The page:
Nobels, Scientists, and a New Paperback—Yay! It’s Nobel season. I spotted this article on Slate the other day that listed potential women candidates for the Nobel Prize in Physics. (No woman has won that award in fifty years, and surprise—one did not win on Tuesday.) One of the women cited in the article is the American astronomer, Vera Rubin, now aged 86, who is known for her work on dark matter and galaxy rotation. Ages ago, I interviewed Dr. Rubin briefly for an article I was doing on the three scientists—Gamow, Alpher, Herman—who worked on the Big Bang theory (the actual scientific theory, not, ahem, the TV show). Many in the community felt that they had been slighted because, although the trio won numerous awards in their lives, they never won the Nobel. An award was actually later given to the radio astronomers who confirmed the Big Bang. The story I wrote was really about how one scientist in particular dealt with that snub and perceived others throughout his career. I’ll never forget my talk with Dr. Rubin because she was willing to speak frankly about something scientists rarely discuss: emotions. From the text: Alpher and Herman’s story raises interesting issues about the personal side of science. Yes, all human beings have feelings. Yes, every person is allowed to reach their boiling point. Scientists just happen to belong to a profession where you are not allowed to show it. “It was a horrible injustice but I don’t know what you do in such a circumstance,” says Vera Rubin, a friend to both the Alpher and Herman families, and an astronomer who received the National Medal of Science in 1993. “It would have been nice if they had had happier lives. They could have known that they did something very valuable, and they could have been happy with this. I think perhaps injustices are in the eye of the beholder, unfortunately.” And then she says, “There’s no doubt that they could have been and should have been treated nicer by the [Nobel] committee. They really do have a legitimate complaint, but they could have responded a little differently… They had not gotten the recognition they deserved, but if their personalities had been different, they could have been happy with the knowledge of this great thing they had figured out. And they perhaps could have even been treated better by the committee if they had not just been so obviously angry.” You’ll find that article and others in my nonfiction book, The Scientist and the Sociopath, which is finally out this week in paperback.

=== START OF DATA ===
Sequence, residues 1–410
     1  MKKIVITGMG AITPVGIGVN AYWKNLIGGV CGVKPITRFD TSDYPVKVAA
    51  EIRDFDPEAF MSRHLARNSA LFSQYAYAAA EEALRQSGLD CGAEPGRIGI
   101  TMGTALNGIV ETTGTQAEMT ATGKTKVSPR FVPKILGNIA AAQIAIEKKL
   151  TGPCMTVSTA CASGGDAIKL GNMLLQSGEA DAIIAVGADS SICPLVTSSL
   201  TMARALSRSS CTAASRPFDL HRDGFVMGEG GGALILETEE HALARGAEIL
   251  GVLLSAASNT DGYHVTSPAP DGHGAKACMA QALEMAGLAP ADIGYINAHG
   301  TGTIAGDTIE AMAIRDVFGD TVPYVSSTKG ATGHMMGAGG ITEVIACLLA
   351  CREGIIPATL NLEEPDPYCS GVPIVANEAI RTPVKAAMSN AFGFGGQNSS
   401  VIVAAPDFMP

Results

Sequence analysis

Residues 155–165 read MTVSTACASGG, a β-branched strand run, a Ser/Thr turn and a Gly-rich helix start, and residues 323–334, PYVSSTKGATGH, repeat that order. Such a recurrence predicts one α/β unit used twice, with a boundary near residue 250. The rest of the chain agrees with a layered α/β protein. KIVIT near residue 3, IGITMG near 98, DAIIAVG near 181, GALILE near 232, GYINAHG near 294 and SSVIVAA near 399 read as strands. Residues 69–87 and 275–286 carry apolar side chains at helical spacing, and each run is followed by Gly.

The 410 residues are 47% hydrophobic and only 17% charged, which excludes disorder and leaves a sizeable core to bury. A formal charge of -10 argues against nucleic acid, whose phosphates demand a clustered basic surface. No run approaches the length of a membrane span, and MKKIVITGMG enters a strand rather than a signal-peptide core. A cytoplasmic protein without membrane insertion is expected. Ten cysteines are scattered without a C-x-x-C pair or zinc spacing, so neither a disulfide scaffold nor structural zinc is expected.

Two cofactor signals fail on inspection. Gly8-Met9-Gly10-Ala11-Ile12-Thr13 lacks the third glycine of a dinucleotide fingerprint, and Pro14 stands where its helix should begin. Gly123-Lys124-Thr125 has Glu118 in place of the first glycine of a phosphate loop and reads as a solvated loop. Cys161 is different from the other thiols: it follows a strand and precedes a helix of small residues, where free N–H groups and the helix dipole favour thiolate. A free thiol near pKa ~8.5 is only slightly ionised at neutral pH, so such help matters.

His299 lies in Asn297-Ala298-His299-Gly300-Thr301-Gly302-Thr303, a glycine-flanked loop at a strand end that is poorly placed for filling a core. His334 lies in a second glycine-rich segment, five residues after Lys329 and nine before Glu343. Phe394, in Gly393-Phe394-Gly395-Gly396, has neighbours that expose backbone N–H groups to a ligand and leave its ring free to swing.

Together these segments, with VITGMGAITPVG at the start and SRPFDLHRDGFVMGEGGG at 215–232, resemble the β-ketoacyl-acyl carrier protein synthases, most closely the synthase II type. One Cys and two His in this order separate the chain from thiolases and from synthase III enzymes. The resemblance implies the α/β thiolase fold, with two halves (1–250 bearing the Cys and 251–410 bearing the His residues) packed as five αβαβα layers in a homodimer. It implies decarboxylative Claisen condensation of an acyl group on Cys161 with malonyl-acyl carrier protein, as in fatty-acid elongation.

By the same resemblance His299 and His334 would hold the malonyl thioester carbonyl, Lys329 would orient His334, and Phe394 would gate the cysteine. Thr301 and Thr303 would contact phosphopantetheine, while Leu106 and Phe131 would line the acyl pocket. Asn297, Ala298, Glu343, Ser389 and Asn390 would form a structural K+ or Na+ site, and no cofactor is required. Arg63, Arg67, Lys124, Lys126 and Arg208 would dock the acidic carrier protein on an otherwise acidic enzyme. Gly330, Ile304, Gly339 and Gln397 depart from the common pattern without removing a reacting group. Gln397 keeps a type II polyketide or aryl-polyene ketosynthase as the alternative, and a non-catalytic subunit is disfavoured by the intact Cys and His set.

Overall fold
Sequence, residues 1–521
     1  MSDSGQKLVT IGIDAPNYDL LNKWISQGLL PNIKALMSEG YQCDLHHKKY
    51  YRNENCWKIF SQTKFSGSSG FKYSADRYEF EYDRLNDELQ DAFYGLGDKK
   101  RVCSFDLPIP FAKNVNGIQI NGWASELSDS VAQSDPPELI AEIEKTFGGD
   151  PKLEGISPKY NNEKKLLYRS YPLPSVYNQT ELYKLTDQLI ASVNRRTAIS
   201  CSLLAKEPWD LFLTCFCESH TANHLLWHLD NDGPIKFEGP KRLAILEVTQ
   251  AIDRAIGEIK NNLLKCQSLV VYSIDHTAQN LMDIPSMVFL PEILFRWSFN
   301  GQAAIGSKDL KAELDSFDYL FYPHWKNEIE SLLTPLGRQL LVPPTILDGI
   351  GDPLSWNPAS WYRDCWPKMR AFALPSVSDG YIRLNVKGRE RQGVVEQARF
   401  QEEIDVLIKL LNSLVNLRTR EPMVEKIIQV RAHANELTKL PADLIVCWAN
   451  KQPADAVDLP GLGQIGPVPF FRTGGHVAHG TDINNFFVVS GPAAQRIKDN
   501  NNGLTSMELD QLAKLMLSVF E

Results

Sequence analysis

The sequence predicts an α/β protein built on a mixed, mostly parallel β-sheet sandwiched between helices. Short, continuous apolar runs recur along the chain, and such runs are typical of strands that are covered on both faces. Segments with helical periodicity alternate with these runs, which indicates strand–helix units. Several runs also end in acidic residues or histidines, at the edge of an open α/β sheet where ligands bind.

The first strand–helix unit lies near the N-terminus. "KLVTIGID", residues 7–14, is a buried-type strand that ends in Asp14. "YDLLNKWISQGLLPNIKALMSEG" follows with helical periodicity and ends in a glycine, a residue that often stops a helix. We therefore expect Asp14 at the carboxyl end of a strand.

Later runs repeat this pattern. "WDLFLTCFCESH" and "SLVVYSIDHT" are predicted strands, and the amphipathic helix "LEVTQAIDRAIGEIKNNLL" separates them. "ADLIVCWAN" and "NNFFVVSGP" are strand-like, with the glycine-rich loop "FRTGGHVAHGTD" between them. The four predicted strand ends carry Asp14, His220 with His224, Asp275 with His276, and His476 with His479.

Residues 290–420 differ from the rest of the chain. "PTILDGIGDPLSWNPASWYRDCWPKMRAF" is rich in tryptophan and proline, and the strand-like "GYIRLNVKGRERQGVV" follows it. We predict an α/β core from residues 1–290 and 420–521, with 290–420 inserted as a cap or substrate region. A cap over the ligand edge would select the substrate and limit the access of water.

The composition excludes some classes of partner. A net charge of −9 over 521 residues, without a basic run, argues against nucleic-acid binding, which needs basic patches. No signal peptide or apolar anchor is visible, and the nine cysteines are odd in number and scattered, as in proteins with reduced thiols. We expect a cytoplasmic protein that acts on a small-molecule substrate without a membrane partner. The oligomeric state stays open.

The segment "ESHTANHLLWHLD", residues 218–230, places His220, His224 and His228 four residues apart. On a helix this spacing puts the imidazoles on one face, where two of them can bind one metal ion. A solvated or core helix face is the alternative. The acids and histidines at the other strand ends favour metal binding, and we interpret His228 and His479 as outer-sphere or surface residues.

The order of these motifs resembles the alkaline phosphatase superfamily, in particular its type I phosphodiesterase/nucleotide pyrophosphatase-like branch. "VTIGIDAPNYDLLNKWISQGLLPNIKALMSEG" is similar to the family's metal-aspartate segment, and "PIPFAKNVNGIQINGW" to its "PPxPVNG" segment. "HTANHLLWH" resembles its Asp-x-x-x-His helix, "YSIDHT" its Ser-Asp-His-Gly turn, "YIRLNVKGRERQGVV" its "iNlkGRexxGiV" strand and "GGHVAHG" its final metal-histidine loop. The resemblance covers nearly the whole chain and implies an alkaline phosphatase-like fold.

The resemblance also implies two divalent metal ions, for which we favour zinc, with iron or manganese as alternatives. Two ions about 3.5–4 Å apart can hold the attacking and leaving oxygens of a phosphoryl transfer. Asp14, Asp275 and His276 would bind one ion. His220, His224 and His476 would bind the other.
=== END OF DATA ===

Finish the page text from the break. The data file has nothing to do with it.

Nobels, Scientists, and a New Paperback—Yay!

It’s Nobel season. I spotted this article on Slate the other day that listed potential women candidates for the Nobel Prize in Physics. (No woman has won that award in fifty years, and surprise—one did not win on Tuesday.)

One of the women cited in the article is the American astronomer, Vera Rubin, now aged 86, who is known for her work on dark matter and galaxy rotation.

Ages ago, I interviewed Dr. Rubin briefly for an article I was doing on the three scientists—Gamow, Alpher, Herman—who worked on the Big Bang theory (the actual scientific theory, not, ahem, the TV show). Many in the community felt that they had been slighted because, although the trio won numerous awards in their lives, they never won the Nobel. An award was actually later given to the radio astronomers who confirmed the Big Bang.

The story I wrote was really about how one scientist in particular dealt with that snub and perceived others throughout his career. I’ll never forget my talk with Dr. Rubin because she was willing to speak frankly about something scientists rarely discuss: emotions. From the text:

Alpher and Herman’s story raises interesting issues about the personal side of science. Yes, all human beings have feelings. Yes, every person is allowed to reach their boiling point. Scientists just happen to belong to a profession where you are not allowed to show it.

“It was a horrible injustice but I don’t know what you do in such a circumstance,” says Vera Rubin, a friend to both the Alpher and Herman families, and an astronomer who received the National Medal of Science in 1993. “It would have been nice if they had had happier lives. They could have known that they did something very valuable, and they could have been happy with this. I think perhaps injustices are in the eye of the beholder, unfortunately.” And then she says, “There’s no doubt that they could have been and should have been treated nicer by the [Nobel] committee. They really do have a legitimate complaint, but they could have responded a little differently… They had not gotten the recognition they deserved, but if their personalities had been different, they could have been happy with the knowledge of this great thing they had figured out. And they perhaps could have even been treated better by the committee if they had not just been so obviously angry.”

You’ll find that article and others in my nonfiction book, The Scientist and the Sociopath, which is finally out this week in paperback.